In early December 2010 the report of the Expert Advisory Panel on Occupational Health and Safety (Dean Panel) set out forty-six detailed recommendations to change the OHS system in Ontario. In June 2011, Bill 160 was passed to implement many of the Dean Panel recommendations. Bill 160 became law rather quickly following the Dean Panel Report, and it left many Ontario employers wondering what Dean Panel recommendations made it into Bill 160, what was left out, and what is yet to come. This article provides an update and a chart tracking the status of OHS change in Ontario with reference to the Dean Panel Report and the Bill 160 amendments.

The Ontario Ministry of Labour (MOL) immediately indicated its commitment to adopt the Dean Panel’s recommendations, and promptly established an implementation team consisting of its own personnel, members from the Workplace Safety and Insurance Board (WSIB), and members of existing health and safety associations. Yet, Bill 160 is just the beginning. Implementing all of the recommendations requires the development of numerous new regulations, operational policies, procedures, and infrastructure at the MOL. Full implementation of all the changes residing in Bill 160 may still require further changes to the Occupational Health and Safety Act (OHSA) and Workplace Safety and Insurance Act (WSIA).

At a high level, Bill 160 creates the structures and framework necessary to implement the vast and varied recommendations of the Dean Panel – whether they are contained in Bill 160 or await implantation through future legislation or other means.


The Bill 160 amendments created a significant role for a new Chief Prevention Officer, appointed by the Minister of Labour, who is supported by the new Prevention Council in carrying out a broad new set of duties mandated under the OHSA. In August 2011, George Gritziotis was appointed as Ontario’s first Chief Prevention Officer. Mr. Gritziotis previously served as the founding executive director of the Construction Sector Council. Mr. Gritziotis assumed his new role as Chief Prevention Officer on October 17, 2011.

Bill 160 also created provisions for a new Prevention Council, comprised of employers, representatives of trade unions and provincial labour organizations, non-unionized workers, the WSIB, and other OHS experts. Provisions relating to the Prevention Council and Chief Prevention Officer became law when Bill 160 received Royal Assent on June 1, 2011.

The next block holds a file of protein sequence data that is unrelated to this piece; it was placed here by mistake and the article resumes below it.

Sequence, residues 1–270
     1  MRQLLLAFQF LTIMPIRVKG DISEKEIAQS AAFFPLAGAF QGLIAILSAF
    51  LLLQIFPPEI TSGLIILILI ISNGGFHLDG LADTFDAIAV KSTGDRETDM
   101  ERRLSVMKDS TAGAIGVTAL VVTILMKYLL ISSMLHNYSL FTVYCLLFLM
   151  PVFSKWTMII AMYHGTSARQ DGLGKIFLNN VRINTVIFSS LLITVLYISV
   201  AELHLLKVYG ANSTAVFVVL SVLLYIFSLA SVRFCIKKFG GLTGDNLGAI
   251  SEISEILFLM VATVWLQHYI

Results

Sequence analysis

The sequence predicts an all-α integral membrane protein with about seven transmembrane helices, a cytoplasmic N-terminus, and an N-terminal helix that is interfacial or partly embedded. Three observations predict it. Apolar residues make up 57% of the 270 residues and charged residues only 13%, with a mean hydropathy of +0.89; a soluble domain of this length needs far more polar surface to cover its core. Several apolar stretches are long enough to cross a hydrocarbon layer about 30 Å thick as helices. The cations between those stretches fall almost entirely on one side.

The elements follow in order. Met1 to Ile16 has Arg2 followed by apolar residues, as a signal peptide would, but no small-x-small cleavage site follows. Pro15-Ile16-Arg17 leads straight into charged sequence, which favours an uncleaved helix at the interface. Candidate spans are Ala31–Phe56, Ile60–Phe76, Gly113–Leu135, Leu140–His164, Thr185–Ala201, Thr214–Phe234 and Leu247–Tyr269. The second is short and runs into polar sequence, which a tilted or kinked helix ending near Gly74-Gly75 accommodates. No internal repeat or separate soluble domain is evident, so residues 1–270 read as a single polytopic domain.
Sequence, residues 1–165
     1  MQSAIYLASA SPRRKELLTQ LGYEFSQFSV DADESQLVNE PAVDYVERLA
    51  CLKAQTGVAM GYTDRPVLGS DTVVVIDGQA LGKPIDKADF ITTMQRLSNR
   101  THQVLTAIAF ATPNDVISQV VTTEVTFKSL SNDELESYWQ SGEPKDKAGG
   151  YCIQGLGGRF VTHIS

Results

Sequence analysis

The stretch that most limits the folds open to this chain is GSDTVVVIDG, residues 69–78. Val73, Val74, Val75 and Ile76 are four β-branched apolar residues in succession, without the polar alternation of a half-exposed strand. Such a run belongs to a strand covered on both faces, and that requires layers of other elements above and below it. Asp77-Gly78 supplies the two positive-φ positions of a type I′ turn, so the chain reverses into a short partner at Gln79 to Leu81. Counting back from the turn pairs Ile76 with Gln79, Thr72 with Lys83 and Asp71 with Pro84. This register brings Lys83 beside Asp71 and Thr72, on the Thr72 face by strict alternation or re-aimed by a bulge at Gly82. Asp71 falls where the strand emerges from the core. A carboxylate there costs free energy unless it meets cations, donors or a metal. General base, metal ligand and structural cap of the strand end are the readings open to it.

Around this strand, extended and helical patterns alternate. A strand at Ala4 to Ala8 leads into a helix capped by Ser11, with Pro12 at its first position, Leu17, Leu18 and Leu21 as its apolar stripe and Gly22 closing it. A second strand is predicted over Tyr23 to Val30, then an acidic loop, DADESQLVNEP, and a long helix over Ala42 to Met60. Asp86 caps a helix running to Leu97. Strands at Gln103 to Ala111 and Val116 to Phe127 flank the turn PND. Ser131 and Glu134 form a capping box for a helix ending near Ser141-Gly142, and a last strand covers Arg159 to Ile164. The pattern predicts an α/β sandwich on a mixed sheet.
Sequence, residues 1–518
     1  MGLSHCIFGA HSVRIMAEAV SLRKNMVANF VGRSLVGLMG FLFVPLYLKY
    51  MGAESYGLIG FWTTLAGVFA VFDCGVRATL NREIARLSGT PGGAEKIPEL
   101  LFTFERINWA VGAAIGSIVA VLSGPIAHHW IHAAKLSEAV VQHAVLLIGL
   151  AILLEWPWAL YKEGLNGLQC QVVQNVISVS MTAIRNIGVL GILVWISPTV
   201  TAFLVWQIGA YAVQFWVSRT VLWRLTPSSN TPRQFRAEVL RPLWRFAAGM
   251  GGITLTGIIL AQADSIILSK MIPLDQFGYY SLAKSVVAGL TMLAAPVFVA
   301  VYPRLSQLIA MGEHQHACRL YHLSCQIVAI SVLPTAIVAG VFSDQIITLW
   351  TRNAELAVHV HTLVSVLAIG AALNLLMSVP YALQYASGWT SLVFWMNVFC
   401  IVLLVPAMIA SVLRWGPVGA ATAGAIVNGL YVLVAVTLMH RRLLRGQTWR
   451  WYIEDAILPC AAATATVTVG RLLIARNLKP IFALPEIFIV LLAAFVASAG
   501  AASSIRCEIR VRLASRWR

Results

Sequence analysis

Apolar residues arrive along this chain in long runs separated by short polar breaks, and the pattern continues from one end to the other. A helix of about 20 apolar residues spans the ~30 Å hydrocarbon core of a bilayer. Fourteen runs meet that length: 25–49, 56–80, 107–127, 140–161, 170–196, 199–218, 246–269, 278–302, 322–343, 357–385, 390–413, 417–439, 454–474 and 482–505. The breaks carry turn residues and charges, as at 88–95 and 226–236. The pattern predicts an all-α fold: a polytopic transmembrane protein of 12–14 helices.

An Interim Prevention Council is in place. We are still awaiting word on the composition of the Prevention Council. Employer representation is still required. It is expected that the Council will select a Chair. The Chair is not assigned any specific powers by the Bill but is the individual who will communicate on behalf of the Council to the Chief Prevention Officer and the Minister of Labour. The role of the new Chief Prevention Officer and Prevention Council appears largely advisory in nature. We do, however, expect that each will be influential because, by April 1, 2012, the Minister of Labour will be required to consider the advice received pursuant to the OHSA. Their key functions involve advising the Minister of Labour about preventing work-related injuries and illnesses, provincial occupational health and safety strategy, and any other matters specified by the Minister of Labour.

The Dean Panel Report contained a recommendation that the Council should be charged with creating a multi-year social awareness strategy directed at reducing public tolerance of workplace injuries, illnesses and fatalities. Under the Bill 160 amendments, that duty rests with the Minister of Labour. However, the Minister is empowered to delegate the power to an employee of the Ministry such as the Chief Prevention Officer who can, in turn, seek advice from the Council. We anticipate that the Minister, the Chief Prevention Officer, and the Prevention Council will largely form the direction of future health and safety strategy in the province of Ontario.


Bill 160 added provisions to the OHSA specifying that the Minister of Labour will now be responsible for preventing work-related injuries and illnesses. These provisions will become law no later than April 2012. This is currently creating some confusion for stakeholders, as the transfer of authority and programs is starting to take place but the provisions await proclamation. The Minister will have express powers to:

  • as noted above, promote public awareness of occupational health and safety;
  • educate employers and others about occupational health and safety;
  • foster commitment to occupational health and safety among employers, workers and others; and
  • make grants to support occupational health and safety, which would include funding research.

Part 2 of the WSIA, the provisions related to Injury and Disease Prevention, have been repealed. Those functions are to be transferred to the Minister of Labour, who will now have the power to create “Designated Entities”, which will include safe workplace associations, training centres, or medical clinics specializing in occupational health and safety. In short, the Minister of Labour and not the WSIB now sets the standards for these organizations. All existing safe workplace associations, clinics and training centres are expected to be retained.